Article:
The nurse called him back, and I said, "Good luck to you." And he said the same to me. I sat there and wept. Now I wish I had offered something other than some lame words. I wish I had asked if I could hug him at least. I wish I had offered him a job or a place to stay or something.

Sometimes we encounter people who touch our hearts. And sometimes they don't even know it.

Oh my...

Apparently this Brawny ad has been around for a while, but I just first saw it last night. Here's a link to some other blog entry that has all the right photos and points that I was going to make about it. Anyone who might be offended by male homosexuality might want to skip it. (I don't know that blog or blogger. I just found it from doing a search.)

To watch the entire ad click here. Select the first ad listed. (Update 2-07, apparently it's no longer available to watch.)

Good gracious! What's that stuffed in his pants? A whole roll of Brawny?

What exactly is this creamy splatter supposed to suggest? I know what it makes me think of. And it's not whipped cream from a birthday cake.

Am I the only one who is shocked and almost titillated by a freakin' paper towel commercial? I say almost because it would be better if the guy wasn't so gay looking. Not that there's anything wrong with that, but I like manly men. Not that making birthday cakes and carrying puppies isn't manly, but you know what I mean. Well, I guess that guy is pretty manly at least in one area, assuming it's real. I just can't believe that this ad was approved by whoever is in charge of the marketing for Brawny.

Sunday, September 11, 2005

If I ever...

totally flip my lid and lose all my marbles (and I might not be too far from it at this point) I'm going to look like this:

(the pink haired lady, not the guy)

Saturday, September 10, 2005

Or, a Vision in a Dream. A Fragment.

In Xanadu did Kubla Khan
A stately pleasure-dome decree:
Where Alph, the sacred river, ran
Through caverns measureless to man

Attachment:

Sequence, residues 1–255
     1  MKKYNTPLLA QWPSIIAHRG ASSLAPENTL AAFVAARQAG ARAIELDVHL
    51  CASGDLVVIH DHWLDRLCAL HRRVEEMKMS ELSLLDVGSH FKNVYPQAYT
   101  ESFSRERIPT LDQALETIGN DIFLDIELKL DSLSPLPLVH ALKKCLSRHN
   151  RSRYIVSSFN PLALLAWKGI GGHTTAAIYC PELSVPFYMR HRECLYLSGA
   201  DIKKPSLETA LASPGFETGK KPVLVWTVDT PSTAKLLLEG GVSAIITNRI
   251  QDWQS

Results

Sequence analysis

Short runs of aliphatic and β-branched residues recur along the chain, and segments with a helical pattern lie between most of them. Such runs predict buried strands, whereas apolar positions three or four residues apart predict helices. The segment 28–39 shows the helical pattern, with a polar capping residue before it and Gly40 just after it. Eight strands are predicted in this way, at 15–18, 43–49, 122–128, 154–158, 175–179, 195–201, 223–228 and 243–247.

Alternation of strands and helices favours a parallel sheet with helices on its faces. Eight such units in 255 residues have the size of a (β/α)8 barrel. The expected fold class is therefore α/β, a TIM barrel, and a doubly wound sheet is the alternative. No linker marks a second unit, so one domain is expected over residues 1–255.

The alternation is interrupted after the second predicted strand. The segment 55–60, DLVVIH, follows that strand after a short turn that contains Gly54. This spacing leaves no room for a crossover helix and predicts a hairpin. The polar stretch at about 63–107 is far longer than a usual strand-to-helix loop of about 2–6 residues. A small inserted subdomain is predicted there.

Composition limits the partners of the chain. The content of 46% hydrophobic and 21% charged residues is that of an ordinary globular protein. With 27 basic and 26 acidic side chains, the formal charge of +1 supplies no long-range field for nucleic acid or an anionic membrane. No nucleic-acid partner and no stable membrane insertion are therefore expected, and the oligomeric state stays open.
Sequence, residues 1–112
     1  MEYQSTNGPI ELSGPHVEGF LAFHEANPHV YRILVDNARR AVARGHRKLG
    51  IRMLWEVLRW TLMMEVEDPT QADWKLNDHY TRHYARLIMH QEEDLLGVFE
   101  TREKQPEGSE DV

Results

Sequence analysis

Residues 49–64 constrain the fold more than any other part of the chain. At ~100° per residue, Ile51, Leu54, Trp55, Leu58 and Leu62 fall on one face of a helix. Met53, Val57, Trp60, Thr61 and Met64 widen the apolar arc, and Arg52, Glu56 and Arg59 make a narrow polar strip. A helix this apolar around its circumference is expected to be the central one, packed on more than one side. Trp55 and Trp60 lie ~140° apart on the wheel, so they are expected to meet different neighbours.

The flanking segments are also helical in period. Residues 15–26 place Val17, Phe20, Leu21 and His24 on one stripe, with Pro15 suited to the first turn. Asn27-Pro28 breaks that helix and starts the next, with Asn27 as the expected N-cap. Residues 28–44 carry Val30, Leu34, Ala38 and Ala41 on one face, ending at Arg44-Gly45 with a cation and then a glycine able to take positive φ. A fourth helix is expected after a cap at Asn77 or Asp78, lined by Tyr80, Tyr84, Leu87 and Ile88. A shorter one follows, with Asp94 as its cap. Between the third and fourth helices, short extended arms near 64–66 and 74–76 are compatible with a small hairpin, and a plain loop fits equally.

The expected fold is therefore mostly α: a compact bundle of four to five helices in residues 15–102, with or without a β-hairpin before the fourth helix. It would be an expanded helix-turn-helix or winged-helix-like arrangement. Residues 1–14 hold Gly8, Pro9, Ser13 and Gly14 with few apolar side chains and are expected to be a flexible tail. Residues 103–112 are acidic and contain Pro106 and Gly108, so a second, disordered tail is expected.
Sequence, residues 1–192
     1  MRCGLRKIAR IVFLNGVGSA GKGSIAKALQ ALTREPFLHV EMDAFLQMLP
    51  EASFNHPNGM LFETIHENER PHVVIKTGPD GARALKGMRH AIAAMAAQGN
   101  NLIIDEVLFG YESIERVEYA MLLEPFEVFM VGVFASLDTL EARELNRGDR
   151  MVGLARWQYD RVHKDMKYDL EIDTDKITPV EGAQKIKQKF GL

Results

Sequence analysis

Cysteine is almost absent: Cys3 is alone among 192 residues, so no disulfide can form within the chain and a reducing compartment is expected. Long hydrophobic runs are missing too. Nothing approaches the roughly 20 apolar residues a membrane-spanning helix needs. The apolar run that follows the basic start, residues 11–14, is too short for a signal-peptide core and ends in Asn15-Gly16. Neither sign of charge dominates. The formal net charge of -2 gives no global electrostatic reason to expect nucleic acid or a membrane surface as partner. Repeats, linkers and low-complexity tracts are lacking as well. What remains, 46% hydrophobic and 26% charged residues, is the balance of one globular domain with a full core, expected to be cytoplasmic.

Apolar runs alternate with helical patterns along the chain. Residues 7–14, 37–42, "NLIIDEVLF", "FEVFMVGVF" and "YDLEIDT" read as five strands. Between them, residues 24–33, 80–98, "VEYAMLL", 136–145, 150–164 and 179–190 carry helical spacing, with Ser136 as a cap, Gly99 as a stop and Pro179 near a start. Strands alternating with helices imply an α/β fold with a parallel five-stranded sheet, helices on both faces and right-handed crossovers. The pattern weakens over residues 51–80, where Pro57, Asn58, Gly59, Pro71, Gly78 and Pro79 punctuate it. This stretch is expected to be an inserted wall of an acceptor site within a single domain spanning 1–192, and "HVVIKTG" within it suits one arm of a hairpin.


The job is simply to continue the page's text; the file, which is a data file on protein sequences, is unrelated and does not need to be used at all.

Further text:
Down to a sunless sea.
So twice five miles of fertile ground
With walls and towers were girdled round:
And there were gardens bright with sinuous rills,
Where blossomed many an incense-bearing tree;
And here were forests ancient as the hills,
Enfolding sunny spots of greenery.

But oh! that deep romantic chasm which slanted
Down the green hill athwart a cedarn cover!
A savage place! as holy and enchanted
As e'er beneath a waning moon was haunted
By woman wailing for her demon-lover!
And from this chasm, with ceaseless turmoil seething,
As if this earth in fast thick pants were breathing,
A mighty fountain momently was forced:
Amid whose swift half-intermitted burst
Huge fragments vaulted like rebounding hail,
Or chaffy grain beneath the thresher's flail:
And 'mid these dancing rocks at once and ever
It flung up momently the sacred river.
Five miles meandering with a mazy motion
Through wood and dale the sacred river ran,
Then reached the caverns measureless to man,
And sank in tumult to a lifeless ocean:
And 'mid this tumult Kubla heard from far
Ancestral voices prophesying war!
The shadow of the dome of pleasure
Floated midway on the waves;
Where was heard the mingled measure
From the fountain and the caves.
It was a miracle of rare device,
A sunny pleasure-dome with caves of ice!

A damsel with a dulcimer
In a vision once I saw:
It was an Abyssinian maid,
And on her dulcimer she played,
Singing of Mount Abora.
Could I revive within me
Her symphony and song,
To such a deep delight 'twould win me,
That with music loud and long,
I would build that dome in air,
That sunny dome! those caves of ice!
And all who heard should see them there,
And all should cry, Beware! Beware!
His flashing eyes, his floating hair!
Weave a circle round him thrice,
And close your eyes with holy dread,
For he on honey-dew hath fed,
And drunk the milk of Paradise.

Kubla Khan by Samuel Taylor Coleridge

Sounds like the Second Level to me.

Discernment: Know Your Fruits

I deleted a post because I decided it wasn't the tone I like to have here. Thank you to the ones who left wise and thoughtful comments. I do appreciate them.

Did you know that the tomato, potato, chili peppers, and tobacco (as well as many other edibles and ornamentals) come from the same scientific family (Solanaceae) as deadly nightshade? Deadly nightshade is also known as Belladonna, or Atropa belladonna. I'm always fascinated to think about how early people learned which plants were safe and which were not. So many of the plants in the Solanaceae family (sometimes called the Nightshade family) are very poisonous, yet others are mainstays in our diets today. Without tomatoes and potatoes my family might starve.

A bitter nightshade flower:

Tomato flowers:

Deadly nightshade flowers: